How Bacterial and Viral Infections Affect COPD Inflammation


The composition of the microbiota of the airways of people with chronic obstructive pulmonary disorder explains varying degrees of inflammation, according to a review article published recently in the Annals of Medicine.

While everyone’s respiratory system is populated by several species of bacteria and viruses, the airways of chronic obstructive pulmonary disease (COPD) patients show higher levels of inflammation and infection from bacterial and viral inhabitants.

Bacterial and viral infections play a relevant role in worsening lung function and lead to COPD disease progression, wrote lead author Silvestro Ennio D’Anna with the Division of Pulmonology at the Maugeri Scientific Clinical Institute, IRCCS in Telese, Italy, in a recent review article published in the Annals of Medicine.

The total number of bacteria and the microbiota composition of the airways of people with COPD airways is associated with inflammation, D’Anna and his colleagues observed.

The number of M. catarrhalis, H. influenzae, S. pneumoniae and the airways’ inflammation are strongly correlated. In addition, an increased number of lung Lactobacillus has been seen in previous studies of COPD patients, “and it was suggested that they could act as a target of inflammation or an immune modulator of the inflammatory response,” wrote D’Anna and his colleagues.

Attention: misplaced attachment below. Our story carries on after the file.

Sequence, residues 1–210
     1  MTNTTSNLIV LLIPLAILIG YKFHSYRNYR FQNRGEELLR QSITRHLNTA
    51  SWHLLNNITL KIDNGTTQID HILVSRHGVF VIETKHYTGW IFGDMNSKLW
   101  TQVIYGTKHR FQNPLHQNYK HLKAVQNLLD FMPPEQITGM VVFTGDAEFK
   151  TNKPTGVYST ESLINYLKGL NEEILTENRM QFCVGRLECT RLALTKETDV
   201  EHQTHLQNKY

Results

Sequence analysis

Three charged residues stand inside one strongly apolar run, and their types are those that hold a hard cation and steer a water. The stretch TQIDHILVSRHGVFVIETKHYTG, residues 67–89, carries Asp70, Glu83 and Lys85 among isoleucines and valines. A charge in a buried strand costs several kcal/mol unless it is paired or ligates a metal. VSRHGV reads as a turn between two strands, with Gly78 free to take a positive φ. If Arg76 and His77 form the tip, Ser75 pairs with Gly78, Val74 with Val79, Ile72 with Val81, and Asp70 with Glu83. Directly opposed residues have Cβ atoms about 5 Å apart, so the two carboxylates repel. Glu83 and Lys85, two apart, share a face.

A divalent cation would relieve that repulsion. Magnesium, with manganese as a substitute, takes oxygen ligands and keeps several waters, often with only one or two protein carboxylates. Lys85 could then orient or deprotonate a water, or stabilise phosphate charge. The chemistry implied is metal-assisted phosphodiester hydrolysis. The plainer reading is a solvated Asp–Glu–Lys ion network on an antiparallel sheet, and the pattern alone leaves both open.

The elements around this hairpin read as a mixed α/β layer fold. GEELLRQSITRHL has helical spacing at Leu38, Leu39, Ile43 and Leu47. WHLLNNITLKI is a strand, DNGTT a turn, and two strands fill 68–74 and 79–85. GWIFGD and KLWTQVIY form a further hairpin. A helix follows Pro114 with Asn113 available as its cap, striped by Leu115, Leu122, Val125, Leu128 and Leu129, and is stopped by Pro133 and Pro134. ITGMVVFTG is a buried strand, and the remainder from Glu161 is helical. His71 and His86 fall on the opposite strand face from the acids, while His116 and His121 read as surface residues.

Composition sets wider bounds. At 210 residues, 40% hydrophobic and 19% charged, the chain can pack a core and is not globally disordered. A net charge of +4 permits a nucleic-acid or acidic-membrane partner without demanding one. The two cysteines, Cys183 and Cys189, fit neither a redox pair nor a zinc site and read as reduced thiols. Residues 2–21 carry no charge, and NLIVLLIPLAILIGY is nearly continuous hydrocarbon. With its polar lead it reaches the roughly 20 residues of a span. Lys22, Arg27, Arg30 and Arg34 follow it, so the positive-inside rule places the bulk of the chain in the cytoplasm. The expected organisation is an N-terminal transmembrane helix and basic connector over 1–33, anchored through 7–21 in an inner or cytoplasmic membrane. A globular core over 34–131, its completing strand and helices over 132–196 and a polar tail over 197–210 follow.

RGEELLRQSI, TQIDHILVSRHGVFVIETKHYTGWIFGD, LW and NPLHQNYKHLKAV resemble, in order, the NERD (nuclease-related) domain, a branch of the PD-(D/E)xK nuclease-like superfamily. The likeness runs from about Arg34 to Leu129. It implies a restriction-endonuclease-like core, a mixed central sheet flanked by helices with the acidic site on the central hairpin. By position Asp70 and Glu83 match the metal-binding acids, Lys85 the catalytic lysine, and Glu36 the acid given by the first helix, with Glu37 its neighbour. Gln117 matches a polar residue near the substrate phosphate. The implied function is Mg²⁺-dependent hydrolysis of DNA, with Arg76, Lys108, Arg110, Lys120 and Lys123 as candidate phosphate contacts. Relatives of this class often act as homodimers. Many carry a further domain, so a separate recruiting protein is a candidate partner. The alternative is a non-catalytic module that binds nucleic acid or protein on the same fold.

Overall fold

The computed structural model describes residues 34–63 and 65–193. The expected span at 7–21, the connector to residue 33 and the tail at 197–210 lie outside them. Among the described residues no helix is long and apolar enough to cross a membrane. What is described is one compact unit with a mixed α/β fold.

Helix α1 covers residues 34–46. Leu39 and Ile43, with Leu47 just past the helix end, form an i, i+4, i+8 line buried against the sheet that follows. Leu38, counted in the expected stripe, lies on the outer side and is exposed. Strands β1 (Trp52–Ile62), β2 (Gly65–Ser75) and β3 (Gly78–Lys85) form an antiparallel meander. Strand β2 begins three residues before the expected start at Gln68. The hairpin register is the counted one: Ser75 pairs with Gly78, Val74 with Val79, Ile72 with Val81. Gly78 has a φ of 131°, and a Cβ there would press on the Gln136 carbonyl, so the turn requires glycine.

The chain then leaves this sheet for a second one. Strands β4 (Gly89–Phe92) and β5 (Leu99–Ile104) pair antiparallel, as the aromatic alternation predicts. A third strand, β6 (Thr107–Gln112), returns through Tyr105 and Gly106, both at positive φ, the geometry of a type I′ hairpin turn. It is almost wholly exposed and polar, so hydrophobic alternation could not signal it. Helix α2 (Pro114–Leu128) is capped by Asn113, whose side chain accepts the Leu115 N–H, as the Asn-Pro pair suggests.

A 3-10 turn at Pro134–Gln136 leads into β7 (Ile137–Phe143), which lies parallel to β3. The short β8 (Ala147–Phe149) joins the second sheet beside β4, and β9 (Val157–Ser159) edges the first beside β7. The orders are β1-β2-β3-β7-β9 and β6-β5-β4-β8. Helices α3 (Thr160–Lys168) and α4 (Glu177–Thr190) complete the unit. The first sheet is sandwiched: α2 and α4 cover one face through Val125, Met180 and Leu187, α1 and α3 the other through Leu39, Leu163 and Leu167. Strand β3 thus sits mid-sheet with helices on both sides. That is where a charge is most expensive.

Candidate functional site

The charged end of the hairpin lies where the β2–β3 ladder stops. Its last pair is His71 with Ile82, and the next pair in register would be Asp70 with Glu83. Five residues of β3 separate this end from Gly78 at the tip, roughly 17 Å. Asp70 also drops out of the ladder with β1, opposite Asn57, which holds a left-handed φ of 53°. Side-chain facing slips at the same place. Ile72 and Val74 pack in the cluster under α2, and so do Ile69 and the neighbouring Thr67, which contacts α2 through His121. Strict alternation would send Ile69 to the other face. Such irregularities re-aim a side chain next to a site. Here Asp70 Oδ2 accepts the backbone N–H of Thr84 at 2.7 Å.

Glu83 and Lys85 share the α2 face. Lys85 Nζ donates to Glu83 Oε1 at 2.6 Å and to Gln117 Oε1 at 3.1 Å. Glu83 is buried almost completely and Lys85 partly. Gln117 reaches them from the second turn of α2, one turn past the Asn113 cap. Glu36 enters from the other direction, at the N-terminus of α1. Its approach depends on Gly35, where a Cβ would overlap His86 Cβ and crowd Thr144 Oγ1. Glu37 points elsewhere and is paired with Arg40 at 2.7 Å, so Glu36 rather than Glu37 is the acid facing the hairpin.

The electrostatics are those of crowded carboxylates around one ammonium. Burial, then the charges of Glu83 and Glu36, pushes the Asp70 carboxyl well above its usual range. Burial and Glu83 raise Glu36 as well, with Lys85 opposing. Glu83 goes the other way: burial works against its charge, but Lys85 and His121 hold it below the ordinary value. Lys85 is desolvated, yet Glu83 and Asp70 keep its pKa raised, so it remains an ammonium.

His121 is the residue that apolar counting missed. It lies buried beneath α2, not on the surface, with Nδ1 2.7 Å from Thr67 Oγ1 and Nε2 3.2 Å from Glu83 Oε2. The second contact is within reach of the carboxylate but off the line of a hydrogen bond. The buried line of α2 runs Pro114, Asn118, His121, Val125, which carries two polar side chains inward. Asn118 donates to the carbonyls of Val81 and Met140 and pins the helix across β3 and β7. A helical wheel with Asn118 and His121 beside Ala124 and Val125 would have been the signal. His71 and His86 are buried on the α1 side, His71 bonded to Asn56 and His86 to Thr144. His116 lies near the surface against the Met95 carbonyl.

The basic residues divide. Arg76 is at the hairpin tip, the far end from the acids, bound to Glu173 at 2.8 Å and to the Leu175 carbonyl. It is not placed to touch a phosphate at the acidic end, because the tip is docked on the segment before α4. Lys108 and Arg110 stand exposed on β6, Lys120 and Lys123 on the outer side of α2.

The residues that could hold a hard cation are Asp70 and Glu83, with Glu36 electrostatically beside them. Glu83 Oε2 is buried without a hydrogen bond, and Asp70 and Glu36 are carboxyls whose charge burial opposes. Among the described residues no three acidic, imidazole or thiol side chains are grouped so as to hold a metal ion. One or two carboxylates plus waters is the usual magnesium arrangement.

Viruses also trigger COPD exacerbation, said the authors pointing to two meta-analyses showing the prevalence of viruses in about 40% of cases. One analysis found a virus occurrence in 43% of COPD exacerbations. The main culprits were rotavirus (RV), influenza A and respiratory syncytial virus (RSV) but the researchers also found metapneumovirus, coronavirus, adenovirus and parainfluenza.

“Some viruses like RV, can cause severe symptoms together with a reduction of lung function, which last for several weeks. This is a consequence of the fact that in the airways of COPD patients, RV can stimulate the production of proinflammatory cytokines…more than in healthy controls,” he wrote.

Macrophages may play an important role in orchestrating the inflammatory process in COPD through the release of pro-inflammatory mediators including proteases, cytokines, chemokines and oxidative stress-related molecules, according to the review. Researchers have found increased levels of macrophages in the bronchial mucosa of mild/moderate and severe/very severe COPD patients compared to controls.

“In COPD, those cells showed reduced phagocytic activity, which may increase the persistence of the inflammatory process and impair the clearance of bacterial and viral pathogens.”

Controlling the combined response of macrophages, autophagy and NETosis may restore a balanced lung homeostasis in COPD lung infections, D’Anna and his colleagues concluded.

The complex actions involving immune trigger cells, which activate innate and cell-mediated inflammatory responses, interacting with external bacterial/viral and oxidant challenges, could be responsible for the clinical consequences of irreversible airflow limitation, lung remodeling and emphysema that these patients develop, D’Anna wrote.

“Understanding the dynamics of these inflammatory and structural changes related to bacterial/viral colonization in different clinical conditions, under different treatments and in different phenotypes (e.g. prevalent airways disease vs. prevalent emphysema, frequent exacerbators vs. non-frequent exacerbators, treated with steroids, antibiotics or beta2 agonists) of COPD patients will improve our knowledge on the pathologic and molecular mechanisms underlying COPD,” wrote the reviewers.

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